The body is a site where various forms of knowledge converge. This knowledge is a manifestation of the information that the body has gathered, conscious and unconsciously, in a reckoning with its sensory experiences, creating our sensory knowledge spaces. These spaces situate themselves like a reality extracted from science-fiction and placed into our realm to tell its version of our stories.
Multi media artist Camille Norment often uses the notion of cultural psychoacoustics as both an aesthetic and conceptual framework. She defines this term as the examination of socio-cultural phenomena through sound and music, and the contexts in which they are produced. She applies this concept towards the creation of critical works that consciously interweave the formal and the contextual.
Her artwork utilizes forms including sound, installation, light sculptures, drawing, performance, and video, all united by a preoccupation with the way in which form, space, and the body of the viewer create aesthetic and conceptual experience. She seeks to engage the viewer as a physical and psychological participant in the work and as such, is interested in creating experiences that are both somatic and cognitive. While highly concerned with aesthetic experience, the work simultaneously spans the thresholds of the social and the political, often utilizing specific cultural symbols as ‘quiet’, but potent elements in the work. Her investigations do not reflect the boundaries of a singular cultural agenda or perspective, but rather the pressing through of intersections and contradictions from various cultural realms. As such, a singular element specifically charged in one context is expanded to reveal a macrocosm of contextual interpretations. Ambivalent cultural memories are condensed into physical, spatial, and temporal experiences that have the hallucinatory qualities of psychological atmospheres.
Camille performs as a solo artist, with other musicians in selected projects, and with her ensemble, the Camille Norment Trio. She assembled the ensemble consisting of electric guitar, Norwegian hardingfele, and the rare glass armonica, to explore the instruments’ collective sensual and cultural psychoacoustics, across genre boundaries. Sonic dissonance, and forms of cognitive dissonance are current motifs she uses to draw an audience into the experience of the work, by creating and revealing various perceptual sonic, and socio-cultural tensions.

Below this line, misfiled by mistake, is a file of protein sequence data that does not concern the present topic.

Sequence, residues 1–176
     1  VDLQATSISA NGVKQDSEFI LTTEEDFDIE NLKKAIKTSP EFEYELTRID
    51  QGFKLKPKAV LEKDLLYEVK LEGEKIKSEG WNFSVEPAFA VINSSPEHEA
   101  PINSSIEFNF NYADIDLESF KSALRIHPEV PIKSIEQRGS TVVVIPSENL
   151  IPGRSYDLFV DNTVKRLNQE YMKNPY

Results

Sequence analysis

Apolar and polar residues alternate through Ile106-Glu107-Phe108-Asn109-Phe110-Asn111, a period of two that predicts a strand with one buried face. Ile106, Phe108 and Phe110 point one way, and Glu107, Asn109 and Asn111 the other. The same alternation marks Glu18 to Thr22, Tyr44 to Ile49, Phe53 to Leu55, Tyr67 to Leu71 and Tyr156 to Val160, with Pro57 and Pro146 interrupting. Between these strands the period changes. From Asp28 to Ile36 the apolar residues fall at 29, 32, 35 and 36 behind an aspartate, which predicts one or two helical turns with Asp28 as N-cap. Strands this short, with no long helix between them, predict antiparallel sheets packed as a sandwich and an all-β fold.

Each of the instruments were simultaneously revered and feared or even outlawed at various points in their histories. Through deconstructions of ‘beauty’ and ‘noise’, ‘harmony’ and ‘dissonance’, the visceral atmospheres they produce resonate through a tantalizing union of the instruments’ voices and their paradoxical cultural histories.
Norment was selected to produce a solo project for the Nordic pavilion in the Venice Biennial, 2015.
Amongst several permanent public artworks, Norment was commissioned a permanent sound installation for the Henie Onstad Art Center (2011). The extensive international fine arts exhibition credits also include: exhibition and performance in the Museum of Modern Art, New York (2013); a commissioned artwork and performance for the Museum of Contemporary Art, Oslo (2012); Liste Young Art Fair (2009); the Thessaloniki Biennial, Greece (2007); Kunsthalle Bern, Switzerland; the Charlottenborg Fonden, Copenhagen, Denmark; the Santa Monica Museum of Art, Los Angeles, CA.; the Studio Museum of Harlem, New York, NY; UKS Gallery, Oslo, Norway; the Bildmuseet, in Umeå, Sweden, and radio broadcast in the Venice Biennial, Venice, Italy. Norment’s work has been written about in periodicals such as Art Forum, Art in America, The New York Times, Kunst Kritikk, Aftenposten, a feature in The Wire Magazine, and numerous other international texts.